Suppose you decide to remodel your kitchen. The project is supposed to take six weeks and cost $25,000. Then the contractor finds mold and termite damage behind the walls. You planned to remove a wall but discover it was load-bearing, so you have to install a steel support beam. Every inspection uncovers a new problem that the contractor missed.
Before you know it, that six-week, $25,000 project turns into four months and $60,000. And you’re still living with your in-laws.
A network refresh can turn into a far more expensive nightmare for a large enterprise. Without careful planning, budgets are blown. Timelines are thrown out the window. The project isn’t properly executed. Not only do you suffer a major financial hit and significant business disruption, but the time and money you invest result in a network that doesn’t meet your expectations.
Given the complexity of a network refresh and the consequences of poor planning and execution, why would you undertake such a project? In many cases, the consequences of doing nothing and clinging to an aging network are more severe.
Today’s networks automate previously manual tasks. As the software-defined model continues to emerge, organizations are relying on automation and orchestration to simplify management, reduce errors and improve business agility. Bandwidth-intensive and latency-sensitive applications such as video and big data analytics are becoming more widely used. This will continue to drive growing demand for wireless bandwidth and increase the urgency to adopt new WI-FI standards.
Of course, the shift to the cloud shows no signs of stopping. It’s just a matter of choosing which tools and services to migrate to the cloud and which cloud model to adopt. Expanded use of the Internet of Things will move more computing to the network edge, which will reduce the data burden on the network but require the purchase or upgrade of edge devices that can accommodate heavier demands.
A network refresh could very well be a business necessity at this point. Overcoming the pitfalls that often send these projects off the rails requires preparation and research before you start developing the network refresh plan.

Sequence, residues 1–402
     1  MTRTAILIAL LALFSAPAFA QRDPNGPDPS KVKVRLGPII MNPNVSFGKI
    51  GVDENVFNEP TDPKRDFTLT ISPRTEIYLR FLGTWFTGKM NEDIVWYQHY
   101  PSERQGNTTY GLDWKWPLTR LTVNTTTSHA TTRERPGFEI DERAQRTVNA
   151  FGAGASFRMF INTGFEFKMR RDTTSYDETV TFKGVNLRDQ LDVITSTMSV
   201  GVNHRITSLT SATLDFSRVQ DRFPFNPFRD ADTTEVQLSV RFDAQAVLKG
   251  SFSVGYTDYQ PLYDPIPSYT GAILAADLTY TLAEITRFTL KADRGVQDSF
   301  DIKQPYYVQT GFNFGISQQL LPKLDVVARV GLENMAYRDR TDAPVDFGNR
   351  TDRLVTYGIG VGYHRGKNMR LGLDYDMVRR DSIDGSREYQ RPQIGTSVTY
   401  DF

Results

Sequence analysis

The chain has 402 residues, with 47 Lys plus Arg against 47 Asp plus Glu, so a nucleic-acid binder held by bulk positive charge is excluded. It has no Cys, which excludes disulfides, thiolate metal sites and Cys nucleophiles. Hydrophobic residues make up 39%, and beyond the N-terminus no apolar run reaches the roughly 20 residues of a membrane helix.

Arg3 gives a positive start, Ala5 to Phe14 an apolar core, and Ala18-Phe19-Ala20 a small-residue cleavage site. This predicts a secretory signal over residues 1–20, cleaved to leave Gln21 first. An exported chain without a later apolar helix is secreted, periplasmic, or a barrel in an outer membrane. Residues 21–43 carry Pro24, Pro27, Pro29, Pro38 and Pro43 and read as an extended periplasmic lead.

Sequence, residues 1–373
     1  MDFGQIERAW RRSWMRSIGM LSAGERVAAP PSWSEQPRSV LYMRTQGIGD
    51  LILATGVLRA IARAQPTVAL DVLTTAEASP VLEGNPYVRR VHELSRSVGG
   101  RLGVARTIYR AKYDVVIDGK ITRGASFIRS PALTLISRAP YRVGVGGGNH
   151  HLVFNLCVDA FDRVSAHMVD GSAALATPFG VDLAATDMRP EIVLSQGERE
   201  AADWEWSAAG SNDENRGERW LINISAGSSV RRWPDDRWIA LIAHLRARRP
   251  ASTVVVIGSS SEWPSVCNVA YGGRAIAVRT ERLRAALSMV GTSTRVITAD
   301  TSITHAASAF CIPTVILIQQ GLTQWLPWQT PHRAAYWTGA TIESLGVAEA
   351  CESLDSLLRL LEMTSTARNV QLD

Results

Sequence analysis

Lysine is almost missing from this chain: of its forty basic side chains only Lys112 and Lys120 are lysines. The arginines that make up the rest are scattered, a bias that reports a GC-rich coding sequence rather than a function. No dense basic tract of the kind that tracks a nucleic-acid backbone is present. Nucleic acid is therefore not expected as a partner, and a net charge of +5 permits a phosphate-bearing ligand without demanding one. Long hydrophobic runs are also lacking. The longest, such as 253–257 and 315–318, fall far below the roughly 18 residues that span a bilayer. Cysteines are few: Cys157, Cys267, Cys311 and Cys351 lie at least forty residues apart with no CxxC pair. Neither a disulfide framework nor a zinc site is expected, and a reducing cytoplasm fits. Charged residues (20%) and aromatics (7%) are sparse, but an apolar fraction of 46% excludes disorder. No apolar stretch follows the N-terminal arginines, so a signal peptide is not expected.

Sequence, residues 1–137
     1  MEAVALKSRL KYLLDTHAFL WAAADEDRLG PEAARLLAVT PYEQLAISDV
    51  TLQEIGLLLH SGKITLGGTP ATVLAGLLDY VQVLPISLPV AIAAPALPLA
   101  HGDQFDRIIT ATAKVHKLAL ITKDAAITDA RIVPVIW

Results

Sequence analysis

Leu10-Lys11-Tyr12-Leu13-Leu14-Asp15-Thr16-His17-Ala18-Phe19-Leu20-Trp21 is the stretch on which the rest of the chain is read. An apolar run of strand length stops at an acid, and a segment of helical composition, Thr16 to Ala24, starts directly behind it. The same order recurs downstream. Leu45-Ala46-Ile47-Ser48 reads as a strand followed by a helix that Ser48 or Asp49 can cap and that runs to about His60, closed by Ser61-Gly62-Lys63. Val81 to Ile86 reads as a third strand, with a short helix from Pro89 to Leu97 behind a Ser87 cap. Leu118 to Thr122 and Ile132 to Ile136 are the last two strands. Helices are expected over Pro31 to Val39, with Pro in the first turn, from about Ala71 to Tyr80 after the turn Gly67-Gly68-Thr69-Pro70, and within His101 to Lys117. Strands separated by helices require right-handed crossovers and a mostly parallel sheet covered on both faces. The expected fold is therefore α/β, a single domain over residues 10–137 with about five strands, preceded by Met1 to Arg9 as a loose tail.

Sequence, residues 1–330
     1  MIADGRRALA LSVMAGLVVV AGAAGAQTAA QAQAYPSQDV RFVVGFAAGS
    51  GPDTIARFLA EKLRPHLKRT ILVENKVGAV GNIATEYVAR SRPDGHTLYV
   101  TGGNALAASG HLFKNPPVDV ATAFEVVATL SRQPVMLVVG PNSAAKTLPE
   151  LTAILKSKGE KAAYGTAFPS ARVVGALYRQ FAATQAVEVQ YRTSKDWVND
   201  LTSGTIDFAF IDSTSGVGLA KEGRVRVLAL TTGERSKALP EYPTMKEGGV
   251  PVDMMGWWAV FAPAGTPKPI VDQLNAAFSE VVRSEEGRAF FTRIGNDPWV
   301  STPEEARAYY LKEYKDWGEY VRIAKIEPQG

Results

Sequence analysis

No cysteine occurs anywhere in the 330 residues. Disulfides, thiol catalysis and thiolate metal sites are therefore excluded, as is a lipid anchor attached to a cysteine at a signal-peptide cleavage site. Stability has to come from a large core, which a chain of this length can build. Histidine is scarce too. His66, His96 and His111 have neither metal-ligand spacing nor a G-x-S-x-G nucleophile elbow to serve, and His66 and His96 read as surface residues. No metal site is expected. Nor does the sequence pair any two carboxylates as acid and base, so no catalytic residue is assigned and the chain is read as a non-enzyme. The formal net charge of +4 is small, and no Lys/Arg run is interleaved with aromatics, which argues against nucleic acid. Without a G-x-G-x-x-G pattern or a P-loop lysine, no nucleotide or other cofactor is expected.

The first step is to determine what your organization will need from the network during the next five years. Do you expect to expand your business and open new facilities? How much more bandwidth and storage will you need to support the increase in traffic? What security and compliance requirements must be satisfied now, and what new regulations are on the horizon? Will your IT team increase or decrease in size or stay the same?
The next step is to document your inventory. List each piece of hardware and software, as well as their location, purpose, utilization and licensing information. How much does it cost to maintain your current network infrastructure? Be sure to account for licensing, power consumption, support and staffing. Infrastructure should also be categorized and mapped, which will make it easier to develop your network refresh plan.
Using this research, you can begin to evaluate solution providers. What services and tools do they offer? Are there any compatibility issues? Where will applications be hosted and how will this affect performance and cost? What hardware and applications should be kept, upgraded or replaced? You’re likely to find that your team will need training, so determine who will provide the training and how much it will cost.
In Part 2, we’ll discuss your network refresh plan, execution of the plan and the value an experienced solution provider can bring to the table.